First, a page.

Knapp, Martin R J. and Wistow, Gerald (1996) Social care markets in England: early postreform experiences. Social Service Review, 70 (3). pp. 355-377. ISSN 0037-7961. (The full text of this publication is not currently available from this repository. You may be able to access a copy if URLs are provided)
|The full text of this publication is not currently available from this repository. You may be able to access a copy if URLs are provided. (Contact us about this Publication)|
Recent discussions of health and social care in the United Kingdom have been dominated by the 1990 National Health Service and Community Care Act. A core dimension of the act was to encourage greater mixing of the ''economy of care,'' specifically, greater pluralism in provision, more systematic regulation of practice and assurance of quality, and (in the longer term) greater variety of funding sources. The result has been the development of social care markets. In this article, we describe the mixed economy reforms and early evidence regarding success. The main issues concern development of social care markets and the implications for local authorities of their new purchasing roles.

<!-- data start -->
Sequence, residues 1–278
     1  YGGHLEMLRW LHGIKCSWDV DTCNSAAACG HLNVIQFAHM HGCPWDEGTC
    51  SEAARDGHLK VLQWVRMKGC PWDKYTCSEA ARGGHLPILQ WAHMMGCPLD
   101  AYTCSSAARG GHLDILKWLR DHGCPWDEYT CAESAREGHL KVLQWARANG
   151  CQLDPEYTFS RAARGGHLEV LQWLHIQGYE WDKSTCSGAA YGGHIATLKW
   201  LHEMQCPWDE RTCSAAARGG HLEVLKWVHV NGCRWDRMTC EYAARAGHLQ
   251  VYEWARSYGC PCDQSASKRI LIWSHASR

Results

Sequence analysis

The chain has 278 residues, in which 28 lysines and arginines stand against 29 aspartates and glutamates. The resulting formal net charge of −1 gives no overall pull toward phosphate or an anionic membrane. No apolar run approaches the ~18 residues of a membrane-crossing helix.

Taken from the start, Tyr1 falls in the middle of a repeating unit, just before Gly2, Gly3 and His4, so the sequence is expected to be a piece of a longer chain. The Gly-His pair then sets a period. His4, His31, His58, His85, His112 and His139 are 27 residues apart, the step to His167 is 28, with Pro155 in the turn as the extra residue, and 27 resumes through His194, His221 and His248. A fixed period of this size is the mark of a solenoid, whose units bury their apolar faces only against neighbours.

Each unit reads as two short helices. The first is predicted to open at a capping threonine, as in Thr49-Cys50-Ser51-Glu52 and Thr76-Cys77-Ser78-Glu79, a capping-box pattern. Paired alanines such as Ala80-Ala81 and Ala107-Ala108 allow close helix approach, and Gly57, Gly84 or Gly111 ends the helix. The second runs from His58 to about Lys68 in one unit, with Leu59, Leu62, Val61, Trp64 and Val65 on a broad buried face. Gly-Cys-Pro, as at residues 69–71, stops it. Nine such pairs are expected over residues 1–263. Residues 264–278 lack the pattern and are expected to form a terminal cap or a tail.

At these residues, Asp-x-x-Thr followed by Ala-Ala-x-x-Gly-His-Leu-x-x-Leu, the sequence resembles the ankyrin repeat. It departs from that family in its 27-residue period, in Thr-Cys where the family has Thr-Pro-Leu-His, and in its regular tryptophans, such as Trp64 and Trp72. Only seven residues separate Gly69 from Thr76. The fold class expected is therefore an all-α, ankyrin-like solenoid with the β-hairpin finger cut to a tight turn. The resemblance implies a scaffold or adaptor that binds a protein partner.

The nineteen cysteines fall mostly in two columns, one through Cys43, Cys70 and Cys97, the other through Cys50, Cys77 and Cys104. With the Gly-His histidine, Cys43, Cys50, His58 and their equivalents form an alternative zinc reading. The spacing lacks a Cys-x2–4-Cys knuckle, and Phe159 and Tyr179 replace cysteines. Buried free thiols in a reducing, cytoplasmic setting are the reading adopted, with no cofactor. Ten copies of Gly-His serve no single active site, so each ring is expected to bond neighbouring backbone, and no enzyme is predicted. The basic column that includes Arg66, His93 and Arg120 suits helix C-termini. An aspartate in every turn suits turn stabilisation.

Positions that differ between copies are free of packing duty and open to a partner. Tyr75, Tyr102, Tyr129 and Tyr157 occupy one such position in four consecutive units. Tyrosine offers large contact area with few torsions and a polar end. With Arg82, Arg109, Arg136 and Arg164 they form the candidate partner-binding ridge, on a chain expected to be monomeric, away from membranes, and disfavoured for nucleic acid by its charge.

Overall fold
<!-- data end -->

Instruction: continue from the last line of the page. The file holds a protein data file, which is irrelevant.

|Divisions:||Faculties > Social Sciences > School of Social Policy Sociology and Social Research > Personal Social Services Research Unit|
|Depositing User:||R. Bass|
|Date Deposited:||20 May 2011 14:38 UTC|
|Last Modified:||20 Jun 2014 15:28 UTC|
|Resource URI:||https://kar.kent.ac.uk/id/eprint/26910 (The current URI for this page, for reference purposes)|